Featured on CTV New + What Dentists Can Learn From Tesla Motors
I previously wrote this article about Tesla Motors and S.A.M. and what dentists can learn from this amazing company (introduced to me by Dr. Hans Viergever). Well, today, I was fortunate enough today to show off S.A.M. to Pat Foran of CTV News. Here’s the episode:
He’s did a show today about autonomous vehicles and wanted to see one in action. So CTV News dropped by the office and we went for a spin around the area. We talked about the basics (what kind of car is it, why did I get it, what can it do, etc.). I showcased autopilot on city streets and on highways and self-parking and then he took S.A.M. for a spin. The show aired tonight across Canada on CTV News.
Autonomous driving is a very popular topic right now. After having read a lot of articles and watched a lot of videos, here’s what I know:
- There are 5 Levels of autonomous driving, which were established by SAE International’s On Road Automated Vehicle Standards Committee. You can read more about it HERE. Bottom line: as of the time of writing this blog post, S.A.M. is at a Level 2 out of 5 with all of its auto-pilot features (e.g. traffic aware cruise control, lane keeping, self parking, summoning, etc.).
- Ontario just passed a new set of regulations (effective January 1, 2016) that governs a pilot project involving vehicles which achieve Levels 3, 4, or 5, their drivers, and the companies who make them. S.A.M. is regulated by the current laws / regulations that exist.
- Traditional car manufacturers (e.g. Mercedes, Volvo, Ford, etc.), new startups (e.g. Tesla, Faraday Future, etc.) and soon-to-be in the auto industry (e.g. Google and Apple) are ramping up their software and hardware technology to introduce fully autonomous vehicles on our roads within the next 2-5 years. The auto industry will change more in the next 5 years than it has in the last 50.
- Electric cars that are fully automated will help increase productivity, reduce crashes / fatalities, lower carbon emissions, and allow individuals to stay connected even while they are being driven to their next destination. The only negative: the gasoline industry and traditional car companies and their suppliers will suffer…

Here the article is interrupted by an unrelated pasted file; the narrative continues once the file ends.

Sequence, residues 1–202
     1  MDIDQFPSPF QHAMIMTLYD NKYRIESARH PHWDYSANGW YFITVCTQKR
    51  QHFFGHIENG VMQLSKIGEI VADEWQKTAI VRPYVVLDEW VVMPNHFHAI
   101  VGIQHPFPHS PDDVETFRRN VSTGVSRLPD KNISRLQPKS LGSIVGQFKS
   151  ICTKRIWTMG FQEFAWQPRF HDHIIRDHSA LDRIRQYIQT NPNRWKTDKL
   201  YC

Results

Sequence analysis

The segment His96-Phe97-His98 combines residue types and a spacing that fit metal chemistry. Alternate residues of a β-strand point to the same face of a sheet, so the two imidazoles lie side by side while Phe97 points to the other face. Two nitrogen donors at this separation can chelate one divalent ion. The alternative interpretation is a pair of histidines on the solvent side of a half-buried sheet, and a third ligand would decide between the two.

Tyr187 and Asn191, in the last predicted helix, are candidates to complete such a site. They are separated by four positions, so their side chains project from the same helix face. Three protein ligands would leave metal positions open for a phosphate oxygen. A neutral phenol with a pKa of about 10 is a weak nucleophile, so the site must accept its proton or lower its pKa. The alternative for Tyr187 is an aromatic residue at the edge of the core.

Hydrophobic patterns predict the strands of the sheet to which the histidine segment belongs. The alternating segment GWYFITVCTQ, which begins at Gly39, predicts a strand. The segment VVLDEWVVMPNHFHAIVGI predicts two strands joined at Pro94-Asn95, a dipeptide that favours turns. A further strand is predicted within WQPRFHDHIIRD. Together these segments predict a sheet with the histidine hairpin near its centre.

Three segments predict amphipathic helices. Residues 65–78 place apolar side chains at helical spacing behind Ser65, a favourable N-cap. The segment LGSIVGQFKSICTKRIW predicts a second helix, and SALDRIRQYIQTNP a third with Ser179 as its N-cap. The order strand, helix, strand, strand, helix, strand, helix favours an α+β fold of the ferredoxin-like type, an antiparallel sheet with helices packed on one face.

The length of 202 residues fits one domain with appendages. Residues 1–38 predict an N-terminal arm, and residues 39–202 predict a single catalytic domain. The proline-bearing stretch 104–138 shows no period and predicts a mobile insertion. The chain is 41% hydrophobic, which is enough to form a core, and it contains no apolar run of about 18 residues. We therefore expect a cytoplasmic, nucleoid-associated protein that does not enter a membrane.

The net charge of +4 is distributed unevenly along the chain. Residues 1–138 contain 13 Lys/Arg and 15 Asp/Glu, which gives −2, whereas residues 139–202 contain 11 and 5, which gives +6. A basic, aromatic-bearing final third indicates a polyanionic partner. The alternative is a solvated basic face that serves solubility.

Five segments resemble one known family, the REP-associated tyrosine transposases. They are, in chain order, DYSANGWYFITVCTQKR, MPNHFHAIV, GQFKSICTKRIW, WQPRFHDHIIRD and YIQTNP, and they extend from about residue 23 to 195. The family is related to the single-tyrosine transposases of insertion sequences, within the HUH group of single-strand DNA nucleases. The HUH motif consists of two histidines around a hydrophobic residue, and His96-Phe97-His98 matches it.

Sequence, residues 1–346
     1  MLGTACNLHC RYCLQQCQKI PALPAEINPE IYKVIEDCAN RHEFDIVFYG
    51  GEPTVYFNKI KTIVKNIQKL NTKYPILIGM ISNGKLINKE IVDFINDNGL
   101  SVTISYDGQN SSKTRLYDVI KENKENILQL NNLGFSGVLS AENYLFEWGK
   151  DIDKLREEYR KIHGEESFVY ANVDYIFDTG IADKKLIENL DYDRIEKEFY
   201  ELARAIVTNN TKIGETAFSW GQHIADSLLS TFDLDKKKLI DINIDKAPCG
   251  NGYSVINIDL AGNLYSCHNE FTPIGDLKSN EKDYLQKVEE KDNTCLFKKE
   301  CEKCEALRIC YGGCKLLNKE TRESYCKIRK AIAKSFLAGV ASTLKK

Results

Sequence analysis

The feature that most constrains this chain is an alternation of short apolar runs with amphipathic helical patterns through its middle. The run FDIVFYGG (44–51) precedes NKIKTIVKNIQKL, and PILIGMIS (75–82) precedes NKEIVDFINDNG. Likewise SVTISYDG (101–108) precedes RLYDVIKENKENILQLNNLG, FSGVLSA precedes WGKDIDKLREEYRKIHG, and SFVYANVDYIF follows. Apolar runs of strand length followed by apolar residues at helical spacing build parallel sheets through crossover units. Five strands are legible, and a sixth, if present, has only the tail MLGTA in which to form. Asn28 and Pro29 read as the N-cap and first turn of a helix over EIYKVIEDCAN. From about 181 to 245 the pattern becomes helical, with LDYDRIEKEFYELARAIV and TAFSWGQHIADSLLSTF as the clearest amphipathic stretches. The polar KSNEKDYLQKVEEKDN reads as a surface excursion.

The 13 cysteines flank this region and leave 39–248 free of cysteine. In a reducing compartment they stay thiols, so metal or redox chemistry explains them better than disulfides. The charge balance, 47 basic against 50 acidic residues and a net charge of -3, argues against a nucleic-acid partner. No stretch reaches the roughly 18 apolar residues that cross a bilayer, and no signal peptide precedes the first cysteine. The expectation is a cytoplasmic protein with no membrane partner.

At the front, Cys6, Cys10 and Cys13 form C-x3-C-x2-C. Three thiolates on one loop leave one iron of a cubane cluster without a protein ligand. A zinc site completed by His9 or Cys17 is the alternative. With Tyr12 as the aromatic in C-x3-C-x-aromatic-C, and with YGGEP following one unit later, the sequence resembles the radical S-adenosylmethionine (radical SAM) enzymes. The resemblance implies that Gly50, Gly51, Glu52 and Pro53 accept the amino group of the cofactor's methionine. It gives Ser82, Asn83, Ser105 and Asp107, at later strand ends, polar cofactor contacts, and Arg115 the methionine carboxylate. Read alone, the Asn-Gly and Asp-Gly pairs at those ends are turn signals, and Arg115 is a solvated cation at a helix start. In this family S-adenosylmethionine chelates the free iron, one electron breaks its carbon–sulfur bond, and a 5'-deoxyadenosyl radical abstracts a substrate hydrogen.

- Electric cars are way better than regular gas-guzzling cars. They receive over the air updates (e.g. to offer new convenience features, increase security, enhance performance, etc.). Yes, you read that last part correctly: software updates have made Tesla cars accelerate faster and there’s even a ‘launch’ mode for quickest acceleration. If you plug your car in overnight at your home, you will end up with a full tank every morning at a fraction of the cost you would have paid to fill it with gas. S.A.M. goes up to 450 km on a full charge. I can also stop off during a long-distance trip to a supercharger and charge for free in 30 minutes or less; just the right time to stretch and grab a coffee.
- Sales of electric cars represent a very tiny fraction of overall car sales (think way less than 1%). So the industry is perfect for disrupting.
- New business models will develop as a result of the right of electric and autonomous vehicles. The coolest idea came from Tesla and Faraday Future: what if you subscribed to a car-renting program? You may not even own the car. Just have it pick you up and drop you off where you need to go. Perhaps you pay a monthly fee for access or do it on a per trip basis (think: Uber). Why do we exactly need to OWN our car? Why can’t we just have one car (from an entire fleet of available cars) pick us up and drop us off when we need it? And we can then personalize the experience once we’re in the autonomous vehicle by connecting our phones, etc. and using the car’s apps to make calls, send emails, surf the web, etc.
- This is the evolution of the Internet of Things (or how we’re going to be more connected with our phones, computers, cars, tablets, watches, etc.). We used to pull out a map to see how to get where we wanted to go. Then we used Google Maps and we’d print out everything. Then we’d start using our phones. And then our cars offered onboard navigation systems. And now with S.A.M., there’s Google Maps combined with fleet learning. Since my iphone calendar syncs with S.A.M., she knows where I’m going when I first step inside. Then I’m presented with real time data concerning my route, whether there’s a better alternative elsewhere, what time I’ll arrive and how many km it will take me to get there. And it’s VERY accurate. So what’s next? How about this: your car will know your schedule, where you are geographically located at all times (based on your phone’s location) and be ready and fully charged to pick you up (it will even charge itself at a Tesla public charging station using a robotic charging arm!) just by you saying a specific command into your iphone watch. CRAZY! But it’s going to happen.
- We are at the early stages of all of this. It will take anywhere from 2-5 years before this is more mainstream. It’s best to lease a car with these new features because the hardware and software will only get better over time.
- Competition in this industry is good. Everyone’s racing to get our hard earned dollars by offering the fastest, coolest, most connected cars out there. We need all the major automobile manufacturers to compete in this field: fully electric and autonomous vehicles. This will bring about huge change in the industry. And we have 1 person to thank for that: Elon Musk of Tesla Motors. Thank you Elon!